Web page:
This past Wednesday (25 November 2020), the Supreme Court (“SCOTUS”) barred restrictions on religious services in New York that Gov. Cuomo had imposed to combat COVID-19. The vote was 5-4. If the late Justice Ginsburg were on the bench instead of Amy Barrett, it would have gone the other way.
This is not a permanent decision. Justice Kavanaugh explains:
Importantly, the Court’s orders today are not final decisions on the merits. Instead, the Court simply grants temporary injunctive relief until the Court of Appeals in December, and then this Court as appropriate, can more fully consider the merits.
Kavanaugh concurring opinion, p. 1.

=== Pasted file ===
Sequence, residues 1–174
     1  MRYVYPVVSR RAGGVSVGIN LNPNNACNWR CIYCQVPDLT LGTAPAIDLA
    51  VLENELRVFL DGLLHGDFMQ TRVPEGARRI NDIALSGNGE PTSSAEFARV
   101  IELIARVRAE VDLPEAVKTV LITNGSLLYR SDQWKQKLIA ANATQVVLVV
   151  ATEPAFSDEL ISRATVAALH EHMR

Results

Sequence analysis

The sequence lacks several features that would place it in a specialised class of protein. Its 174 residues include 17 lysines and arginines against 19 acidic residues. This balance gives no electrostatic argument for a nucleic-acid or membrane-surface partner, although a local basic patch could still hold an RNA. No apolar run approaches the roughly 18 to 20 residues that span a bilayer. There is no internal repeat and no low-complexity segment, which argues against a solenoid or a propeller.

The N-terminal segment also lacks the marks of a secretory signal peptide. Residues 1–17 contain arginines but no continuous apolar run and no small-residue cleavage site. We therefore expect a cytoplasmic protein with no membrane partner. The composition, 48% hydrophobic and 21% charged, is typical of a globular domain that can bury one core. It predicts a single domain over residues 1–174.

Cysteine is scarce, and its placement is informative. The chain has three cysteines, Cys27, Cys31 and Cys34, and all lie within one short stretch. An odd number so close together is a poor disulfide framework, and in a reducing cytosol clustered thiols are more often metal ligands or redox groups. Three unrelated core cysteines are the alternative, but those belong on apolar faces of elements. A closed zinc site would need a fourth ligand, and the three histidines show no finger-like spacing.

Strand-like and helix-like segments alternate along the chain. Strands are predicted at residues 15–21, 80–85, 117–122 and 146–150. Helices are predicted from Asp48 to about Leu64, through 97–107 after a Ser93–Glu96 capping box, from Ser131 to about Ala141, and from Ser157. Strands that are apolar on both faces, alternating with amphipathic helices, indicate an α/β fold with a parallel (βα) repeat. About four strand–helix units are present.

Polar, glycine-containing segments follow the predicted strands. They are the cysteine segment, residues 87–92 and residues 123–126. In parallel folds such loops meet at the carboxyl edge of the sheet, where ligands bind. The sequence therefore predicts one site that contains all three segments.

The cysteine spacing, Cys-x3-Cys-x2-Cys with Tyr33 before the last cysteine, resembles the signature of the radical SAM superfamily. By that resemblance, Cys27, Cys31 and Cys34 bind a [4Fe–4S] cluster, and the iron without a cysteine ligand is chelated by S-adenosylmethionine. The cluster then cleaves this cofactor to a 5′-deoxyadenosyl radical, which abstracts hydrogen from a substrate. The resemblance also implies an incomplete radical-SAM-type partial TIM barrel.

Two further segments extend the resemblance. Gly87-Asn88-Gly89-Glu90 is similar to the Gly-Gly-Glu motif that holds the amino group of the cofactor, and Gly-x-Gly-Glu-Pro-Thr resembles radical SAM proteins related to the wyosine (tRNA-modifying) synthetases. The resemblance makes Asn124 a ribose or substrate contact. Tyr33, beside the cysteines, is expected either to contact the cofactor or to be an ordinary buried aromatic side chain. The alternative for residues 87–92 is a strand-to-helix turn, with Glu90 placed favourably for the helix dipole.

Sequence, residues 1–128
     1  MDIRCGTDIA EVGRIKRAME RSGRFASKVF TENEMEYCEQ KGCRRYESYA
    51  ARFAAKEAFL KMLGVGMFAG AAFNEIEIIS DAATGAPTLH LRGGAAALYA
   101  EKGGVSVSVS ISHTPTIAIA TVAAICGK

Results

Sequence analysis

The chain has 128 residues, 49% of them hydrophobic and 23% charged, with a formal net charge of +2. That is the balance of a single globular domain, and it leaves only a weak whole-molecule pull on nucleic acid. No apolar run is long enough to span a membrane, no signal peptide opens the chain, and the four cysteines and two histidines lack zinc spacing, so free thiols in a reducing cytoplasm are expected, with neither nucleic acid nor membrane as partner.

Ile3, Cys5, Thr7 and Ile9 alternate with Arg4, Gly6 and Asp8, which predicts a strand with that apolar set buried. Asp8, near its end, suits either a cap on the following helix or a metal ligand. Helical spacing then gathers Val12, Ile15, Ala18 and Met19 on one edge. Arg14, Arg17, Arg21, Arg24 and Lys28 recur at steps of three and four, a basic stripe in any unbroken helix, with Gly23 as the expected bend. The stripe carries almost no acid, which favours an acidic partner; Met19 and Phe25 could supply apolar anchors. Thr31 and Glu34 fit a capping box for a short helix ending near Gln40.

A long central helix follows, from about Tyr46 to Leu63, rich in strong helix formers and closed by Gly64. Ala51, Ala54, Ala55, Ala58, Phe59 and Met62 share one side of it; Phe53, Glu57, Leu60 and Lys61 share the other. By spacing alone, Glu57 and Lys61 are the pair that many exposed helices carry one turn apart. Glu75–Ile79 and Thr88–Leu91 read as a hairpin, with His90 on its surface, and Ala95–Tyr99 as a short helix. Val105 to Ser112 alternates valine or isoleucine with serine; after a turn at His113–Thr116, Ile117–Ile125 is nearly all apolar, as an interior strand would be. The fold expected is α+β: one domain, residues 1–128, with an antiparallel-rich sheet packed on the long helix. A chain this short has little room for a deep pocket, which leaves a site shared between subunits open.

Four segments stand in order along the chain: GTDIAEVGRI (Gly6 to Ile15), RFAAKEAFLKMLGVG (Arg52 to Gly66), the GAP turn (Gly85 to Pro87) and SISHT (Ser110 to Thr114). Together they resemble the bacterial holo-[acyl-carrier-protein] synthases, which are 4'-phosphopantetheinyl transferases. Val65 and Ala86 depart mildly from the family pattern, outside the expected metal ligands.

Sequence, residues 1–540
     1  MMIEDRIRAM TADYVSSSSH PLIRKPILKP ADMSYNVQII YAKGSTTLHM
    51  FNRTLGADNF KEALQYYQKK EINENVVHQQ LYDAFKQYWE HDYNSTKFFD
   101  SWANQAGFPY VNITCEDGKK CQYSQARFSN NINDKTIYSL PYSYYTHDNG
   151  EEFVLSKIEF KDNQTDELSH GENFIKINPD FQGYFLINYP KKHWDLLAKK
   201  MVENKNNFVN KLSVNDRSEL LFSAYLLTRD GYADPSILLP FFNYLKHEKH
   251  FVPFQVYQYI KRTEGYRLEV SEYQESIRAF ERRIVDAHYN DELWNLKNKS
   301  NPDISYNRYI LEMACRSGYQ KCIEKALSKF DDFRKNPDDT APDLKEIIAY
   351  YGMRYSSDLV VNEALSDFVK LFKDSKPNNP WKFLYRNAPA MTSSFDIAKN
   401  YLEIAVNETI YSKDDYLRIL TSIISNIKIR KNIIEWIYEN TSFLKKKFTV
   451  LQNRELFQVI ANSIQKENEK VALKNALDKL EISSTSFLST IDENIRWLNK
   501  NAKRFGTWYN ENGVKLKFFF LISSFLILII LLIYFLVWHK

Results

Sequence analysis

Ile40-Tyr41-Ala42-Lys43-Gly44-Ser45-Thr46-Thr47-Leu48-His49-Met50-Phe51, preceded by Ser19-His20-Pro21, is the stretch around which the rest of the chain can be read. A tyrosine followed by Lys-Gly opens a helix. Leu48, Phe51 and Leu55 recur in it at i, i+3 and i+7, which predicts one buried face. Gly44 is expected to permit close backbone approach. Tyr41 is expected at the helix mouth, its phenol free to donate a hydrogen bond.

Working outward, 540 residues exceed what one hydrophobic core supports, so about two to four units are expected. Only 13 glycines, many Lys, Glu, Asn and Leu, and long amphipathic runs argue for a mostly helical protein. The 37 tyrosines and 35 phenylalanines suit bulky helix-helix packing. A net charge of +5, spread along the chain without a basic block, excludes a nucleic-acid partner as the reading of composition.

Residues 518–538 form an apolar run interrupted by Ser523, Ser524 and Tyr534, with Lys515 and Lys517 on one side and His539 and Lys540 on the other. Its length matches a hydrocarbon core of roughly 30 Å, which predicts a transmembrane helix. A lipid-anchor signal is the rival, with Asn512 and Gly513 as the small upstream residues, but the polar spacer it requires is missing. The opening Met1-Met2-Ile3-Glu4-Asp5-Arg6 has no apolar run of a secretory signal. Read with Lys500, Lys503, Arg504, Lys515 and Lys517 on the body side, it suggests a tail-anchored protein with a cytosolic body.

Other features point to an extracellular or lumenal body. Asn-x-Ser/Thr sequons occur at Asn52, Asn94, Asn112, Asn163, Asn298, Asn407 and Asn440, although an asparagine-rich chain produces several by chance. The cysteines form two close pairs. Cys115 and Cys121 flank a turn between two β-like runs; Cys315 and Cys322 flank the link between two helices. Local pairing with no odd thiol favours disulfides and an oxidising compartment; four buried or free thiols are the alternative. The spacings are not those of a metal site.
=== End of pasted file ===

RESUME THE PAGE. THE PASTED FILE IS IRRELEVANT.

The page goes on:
The Roman Catholic Diocese of Brooklyn, along with some Orthodox Jewish synagogues, asked for injunctive relief from Gov. Cuomo’s order that “imposes severe restrictions on attendance at religious services in areas classified as ‘red’ or ‘orange; zones. In red zones, no more than 10 persons may attend each religious service, and in orange zones, attendance is capped at 25,” (Decision, p. 1).